Good lord, the man should resign immediately on account of the grammar errors in that sentence.
"That has raised some very legitimate concerns and questions, and as such I am going to reimburse the state for the full cost of the Argentina leg of this trip." The South American swing took Sanford and several commerce officials to Brazil and Argentina for one week, beginning on June 21, 2008.
According to state expenditure reports, Sanford's expenses for out-of-state travel with the Department of Commerce were $21,487 for the fiscal year ending June 30, 2008. Governors commonly travel out-of-state or abroad to stir up investment in their home states.
It was not immediately clear how much of the expenses the Argentina part of the trip comprised.
Sanford said in the news conference Wednesday that he footed the bill for his most recent trip to Buenos Aires, which occurred in the past week. After he figured he couldn't get away with it anymore.
I'll bet Mrs. Sanford was not pleased about the burden on the family budget.
He needs to resign, for two reasons: first, he broke the trust. He was out of country without making arrangements, and had originally planned to be gone 10 days. Governors can't do that.
And second, he's moon-struck. He's got a lot of 'issues', the biggest of which is that his heart, his brain, and lil' Mark aren't all on the same wavelength. He needs time to sort things out, and time is something he won't have as governor.
Spare us the angst and pain. Resign and go back to private life.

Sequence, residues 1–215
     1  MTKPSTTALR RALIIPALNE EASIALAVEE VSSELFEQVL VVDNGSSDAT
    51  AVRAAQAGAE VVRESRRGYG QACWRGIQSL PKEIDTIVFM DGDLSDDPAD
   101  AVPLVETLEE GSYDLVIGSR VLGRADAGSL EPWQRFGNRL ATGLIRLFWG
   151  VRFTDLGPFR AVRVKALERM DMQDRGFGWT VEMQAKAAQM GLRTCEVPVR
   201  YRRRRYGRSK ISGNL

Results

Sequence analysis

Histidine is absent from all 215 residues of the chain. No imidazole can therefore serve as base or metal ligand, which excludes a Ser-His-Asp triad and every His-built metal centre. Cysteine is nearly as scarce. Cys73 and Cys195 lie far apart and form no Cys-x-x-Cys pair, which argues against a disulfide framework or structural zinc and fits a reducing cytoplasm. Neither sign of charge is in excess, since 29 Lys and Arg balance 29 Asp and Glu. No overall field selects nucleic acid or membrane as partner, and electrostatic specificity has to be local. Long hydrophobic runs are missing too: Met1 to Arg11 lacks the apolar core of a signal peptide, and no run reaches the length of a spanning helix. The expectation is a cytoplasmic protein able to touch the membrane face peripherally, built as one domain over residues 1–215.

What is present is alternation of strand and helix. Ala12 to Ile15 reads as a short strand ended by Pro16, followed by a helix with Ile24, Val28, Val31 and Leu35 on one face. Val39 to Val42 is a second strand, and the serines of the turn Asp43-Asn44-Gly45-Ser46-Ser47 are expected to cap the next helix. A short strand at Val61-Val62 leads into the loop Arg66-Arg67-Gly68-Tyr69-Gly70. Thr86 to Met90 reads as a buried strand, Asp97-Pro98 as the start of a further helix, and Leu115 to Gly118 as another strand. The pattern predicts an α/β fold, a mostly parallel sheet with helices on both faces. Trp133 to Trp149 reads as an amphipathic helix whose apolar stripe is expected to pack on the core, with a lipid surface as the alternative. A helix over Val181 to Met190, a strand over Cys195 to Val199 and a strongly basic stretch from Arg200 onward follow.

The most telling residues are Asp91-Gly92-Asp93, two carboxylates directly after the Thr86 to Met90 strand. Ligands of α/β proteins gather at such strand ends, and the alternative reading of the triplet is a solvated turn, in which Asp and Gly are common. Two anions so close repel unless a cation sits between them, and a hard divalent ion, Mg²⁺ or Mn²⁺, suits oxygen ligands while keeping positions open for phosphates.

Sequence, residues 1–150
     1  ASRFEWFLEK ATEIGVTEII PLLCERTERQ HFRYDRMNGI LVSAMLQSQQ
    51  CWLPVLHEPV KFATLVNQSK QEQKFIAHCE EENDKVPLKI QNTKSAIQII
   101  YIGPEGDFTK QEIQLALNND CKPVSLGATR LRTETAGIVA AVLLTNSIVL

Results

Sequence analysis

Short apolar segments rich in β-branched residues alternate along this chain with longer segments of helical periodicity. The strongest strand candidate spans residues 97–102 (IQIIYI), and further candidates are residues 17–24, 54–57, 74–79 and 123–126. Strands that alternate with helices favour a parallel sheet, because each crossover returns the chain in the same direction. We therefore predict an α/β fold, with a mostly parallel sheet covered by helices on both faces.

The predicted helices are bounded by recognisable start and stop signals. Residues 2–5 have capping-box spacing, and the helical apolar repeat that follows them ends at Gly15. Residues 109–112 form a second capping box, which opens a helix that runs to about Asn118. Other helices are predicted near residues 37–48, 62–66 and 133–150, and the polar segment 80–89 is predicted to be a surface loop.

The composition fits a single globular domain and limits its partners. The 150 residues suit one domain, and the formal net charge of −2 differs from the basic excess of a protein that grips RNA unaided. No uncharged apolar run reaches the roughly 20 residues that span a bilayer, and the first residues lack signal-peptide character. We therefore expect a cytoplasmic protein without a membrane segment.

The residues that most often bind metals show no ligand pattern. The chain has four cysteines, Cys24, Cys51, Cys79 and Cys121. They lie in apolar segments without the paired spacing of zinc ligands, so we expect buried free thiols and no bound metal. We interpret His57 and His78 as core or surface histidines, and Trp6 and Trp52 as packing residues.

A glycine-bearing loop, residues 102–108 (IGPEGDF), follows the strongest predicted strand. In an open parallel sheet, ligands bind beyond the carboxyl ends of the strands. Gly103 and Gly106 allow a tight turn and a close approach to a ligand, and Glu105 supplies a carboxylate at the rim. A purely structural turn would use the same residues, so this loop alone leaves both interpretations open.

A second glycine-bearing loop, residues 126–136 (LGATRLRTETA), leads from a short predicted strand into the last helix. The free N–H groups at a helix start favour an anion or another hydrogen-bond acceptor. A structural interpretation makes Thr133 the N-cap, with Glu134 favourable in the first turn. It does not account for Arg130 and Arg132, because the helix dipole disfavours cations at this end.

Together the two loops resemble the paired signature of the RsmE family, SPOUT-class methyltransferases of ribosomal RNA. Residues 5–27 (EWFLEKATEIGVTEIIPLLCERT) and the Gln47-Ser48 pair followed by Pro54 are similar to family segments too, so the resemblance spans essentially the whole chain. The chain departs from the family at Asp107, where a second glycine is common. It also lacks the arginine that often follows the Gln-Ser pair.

Posted by: Steve White ||
06/26/2009 8:42 Comments ||
The paper said South Carolina needed a spokesman who could talk to potential employers without having to answer questions about his personal life.
In other words, "Hiding behind his secretary".
Posted by: Redneck Jim ||
06/26/2009 9:04 Comments ||
. Adding to the intrigue, classified American intelligence documents related to Saudi finances were leaked anonymously to lawyers for the families. The Justice Department had the lawyers copies destroyed and now wants to prevent a judge from even looking at the material.
This leak is long overdue, making one wonder "what took you so long?" Sadly, while the MSM might have lapped this up under the hated "Bushitler" administration, actions to keep this in the shadows by the Zero administration as well as the content itself, will be utterly ignored by the MSM. Wouldn't want to get sued by those with billions of petro-dollars now would we? makes that old saw about "...picking a fight with people who get ink by the barrel" look less sage.
A multi-volume chronology and reference guide set detailing three years of the Mexican Drug War between 2010 and 2012.
Rantburg.com and borderlandbeat.com correspondent and author Chris Covert presents his first non-fiction work detailing
the drug and gang related violence in Mexico.
Chris gives us Mexican press dispatches of drug and gang war violence
over three years, presented in a multi volume set intended to chronicle the death, violence and mayhem which has
dominated Mexico for six years.